For those who are home, and for those who are on the way. For those who support the historic and just return of the land of Israel to its people, forever loyal to their inheritance, and its restoration.
Avi Tarengo/Translation Elad Benari ShalomLife.com 19 January '10
Amnesty International has called on Israel to end “the siege on the Gaza Strip”. The problem with this is that one word, “Egypt”, is missing. According to Amnesty, the Gaza Strip has no opening to the world other than the border with Israel. The timing of the campaign is not coincidental: “The Mubarak Line” which is being established on the Egypt-Gaza Strip border is an excellent opportunity to place responsibilities towards the civilian population of Gaza on Israel’s shoulders.
Does Israel have any policy regarding the Gaza Strip? Meaningful policy is supposed to take into account Israel's long-term interests, including its perception by the world. Five years ago, Israel vacated its citizens and army and left Gazans a well-developed economical and agricultural infrastructure. Since the disengagement, Israeli “policy” towards the Gaza Strip has been outlined by a series of symbolic and random decisions, most of them contradicting one another. The indecision regarding Israel’s position in the Gaza Strip can be expressed by the lack of an answer to this simple question: Is Israel still the “occupying force” in the Gaza Strip? The lack of a clear policy is what allowed Judge Goldstone to place the responsibility on Israel as the “occupying force” which is supposed to take care of all the needs of the Strip’s residents.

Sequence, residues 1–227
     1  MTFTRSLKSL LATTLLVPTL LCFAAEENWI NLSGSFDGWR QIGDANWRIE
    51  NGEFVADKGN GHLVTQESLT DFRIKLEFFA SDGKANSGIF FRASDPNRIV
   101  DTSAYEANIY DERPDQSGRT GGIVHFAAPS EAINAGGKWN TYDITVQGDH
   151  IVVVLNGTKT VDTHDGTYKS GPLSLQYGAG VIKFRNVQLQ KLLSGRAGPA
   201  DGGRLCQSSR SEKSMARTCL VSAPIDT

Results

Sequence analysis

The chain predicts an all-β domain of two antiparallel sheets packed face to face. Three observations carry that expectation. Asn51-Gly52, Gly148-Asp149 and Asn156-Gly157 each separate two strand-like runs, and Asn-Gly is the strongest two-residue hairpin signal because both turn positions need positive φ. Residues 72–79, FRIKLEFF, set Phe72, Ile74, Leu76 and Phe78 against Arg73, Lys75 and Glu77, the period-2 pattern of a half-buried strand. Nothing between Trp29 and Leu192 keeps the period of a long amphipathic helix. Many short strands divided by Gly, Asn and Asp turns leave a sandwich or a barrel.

Unlike Israel, Egypt administrates a clear policy, which slowly but consistently advances Egypt towards achieving its goals. “The Mubarak Line” is not meant to serve Israel’s interests nor is it meant to stop the smuggling of rockets to the Gaza Strip, as Egyptian ambassador Al Hadidi explained so well to the Turks (who complained of the difficulties in transferring aid to the Gaza Strip through Egypt): “Our goal is to prevent the detachment of the Gaza Strip from the West Bank. The Gaza Strip must remain under the status of Territory considered occupied by Israel, and the humanitarian aid must come from there - not from Egypt. Recognizing Gaza as an independent entity will damage Palestinian unity and will harm the Palestinians’ cause – remove it from the world’s agenda.”
I visited Hevron in November 2000 after the outbreak of the Rosh Hashanah War to see what could be done to assist in the face of the growing daily attacks on the community. After returning to work for the community in the summer of 2001, a bond and a love was forged that grows to this day. My wife Melody and I merited to be married at Ma'arat HaMachpela and now host visitors from throughout the world every Shabbat as well as during the week. Our goal, "Time to come Home!"